The causes of enuresis are multifaceted. Enuresis has been linked to anxiety, slow development, and medical conditions. Underlying physical problems include the increase of urine volume through vasopressin release during sleep, bladder abnormalities such as small functional size or hyperactivity, and inability to fill the bladder during sleep due to inadequate arousal (Patel et al., 2012). Patel et al. also find that a number of factors implicate an emotional component in enuresis. Enuresis can be triggered by separation from a parent, the birth of a sibling or family conflict. The higher incidence of enuresis in orphanages could be explained by emotional factors or less toilet training. The high comorbidity of enuresis with ADHD is consistent with a higher incidence of development delays in children with enuresis.

Finding a cure for enuresis is a priority for both mother and child. Some daycares will reject a child or insist on parental or caregiver support for a child with enuresis or encopresis (the passage of feces in inappropriate places). A person with voiding postponement can be treated through behavioral therapy. A person with urge incontinence experiences sudden urges to urinate, which requires a more in-depth exploration of the underlying physical and psychological causes.

Enuresis Therapy

The most common therapeutic approaches to enuresis are conditioning therapy with a moisture alarm and pharmacotherapy, which involves taking desmopressin. A bed-wetting alarm has a moisture sensor to alert the child of the start of urination. Desmopressin is a synthetic form of vasopressin, a hormone that reduces urine production. Often, a combined therapy is used. Family commitment to supporting these therapies is critical to their success. A survey of studies on the two therapies showed a larger relapse rate for desmopressin. However, in some studies alarm therapy had a higher dropout rate, which likely reflects the greater support required by parents and health care professionals (Perrin, Sayers, & While, 2013).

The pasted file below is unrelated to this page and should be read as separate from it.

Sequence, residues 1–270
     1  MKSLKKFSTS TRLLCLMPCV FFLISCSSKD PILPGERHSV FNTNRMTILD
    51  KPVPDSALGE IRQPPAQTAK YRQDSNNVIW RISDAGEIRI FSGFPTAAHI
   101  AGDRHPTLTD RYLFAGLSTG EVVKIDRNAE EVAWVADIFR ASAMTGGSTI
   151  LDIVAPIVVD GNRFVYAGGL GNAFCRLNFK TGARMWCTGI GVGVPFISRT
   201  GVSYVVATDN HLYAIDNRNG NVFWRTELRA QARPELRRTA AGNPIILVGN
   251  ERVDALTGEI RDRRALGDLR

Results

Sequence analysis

Increasingly, behavioral therapy (BT) is being applied. In a Korean study about a third more parents preferred pharmacotherapy over behavioral therapy. The attitudes of the parents can affect the treatment outcomes. A Swedish study determined that successful BT required supportive parents and a motivated child, and about 6 months of therapy ((Üçer, & Gümüs, 2013).

It is worthwhile to review several alternative therapies that have produced impressive results in the treatment of enuresis. An Egyptian study researching the effectiveness of Chinese acupuncture on nocturnal enuresis reported a 92% cure and 8% failure rate following treatment and 12-month follow-up (El-Koumy, El-Sayed, & Salama, 2011). There is some evidence that psychotherapy is more effective than alarm, and medicinal herbs are more effective than desmopressin (Huang, Shu, Huang, & Cheuk, 2011).

DSM-5 reports an overall positive prognosis for enuresis. Enuresis is typically resolved in adolescence and has a small 1% incident rate in adulthood (APA, 2013). Nonetheless, it can create severe psychological stress for a child and may have a physical cause and should be treated. The longer enuresis persists, the higher the risk of the frequency of urination increasing.


American Psychiatric Association. (2013). Diagnostic and statistical manual of mental disorders (5th ed.). Arlington, VA: American Psychiatric Publishing.

El-Koumy, M. A., El-Sayed, S. A., & Salama, A. M. (2011). Treatment of primary persistent nocturnal enuresis by acupuncture: a follow-up study. Medical Research Journal, 10(1), 14-17.

Huang, T., Shu, X., Huang, Y. S., & Cheuk, D. K. (2011). Complementary and miscellaneous interventions for nocturnal enuresis in children. Cochrane Database Syst Rev, 12.

Ju, H. T., Kang, J. H., Lee, S. D., Oh, M. M., Moon, D. G., Kim, S. O., ... & Woo, S. H. (2013). Parent and Physician Perspectives on the Treatment of Primary Nocturnal Enuresis in Korea. Korean journal of urology, 54(2), 127-134.

Patel, V., Golwalkar, R., Beniwal, S., Chaudhari, B., Javdekar, A., Saldanha, D., & Bhattacharya, L. (2012). Elimination disorders: Enuresis. Medical Journal of Dr. DY Patil University, 5(1), 14.

Perrin, N., Sayer, L., & While, A. (2013). The efficacy of alarm therapy versus desmopressin therapy in the treatment of primary mono-symptomatic nocturnal enuresis: a systematic review. Primary health care research & development, 1-11.

Üçer, O., & Gümüs, B. (2013). Quantifying subjective assessment of sleep quality, quality of life and depressed mood in children with enuresis. World journal of urology, 1-5.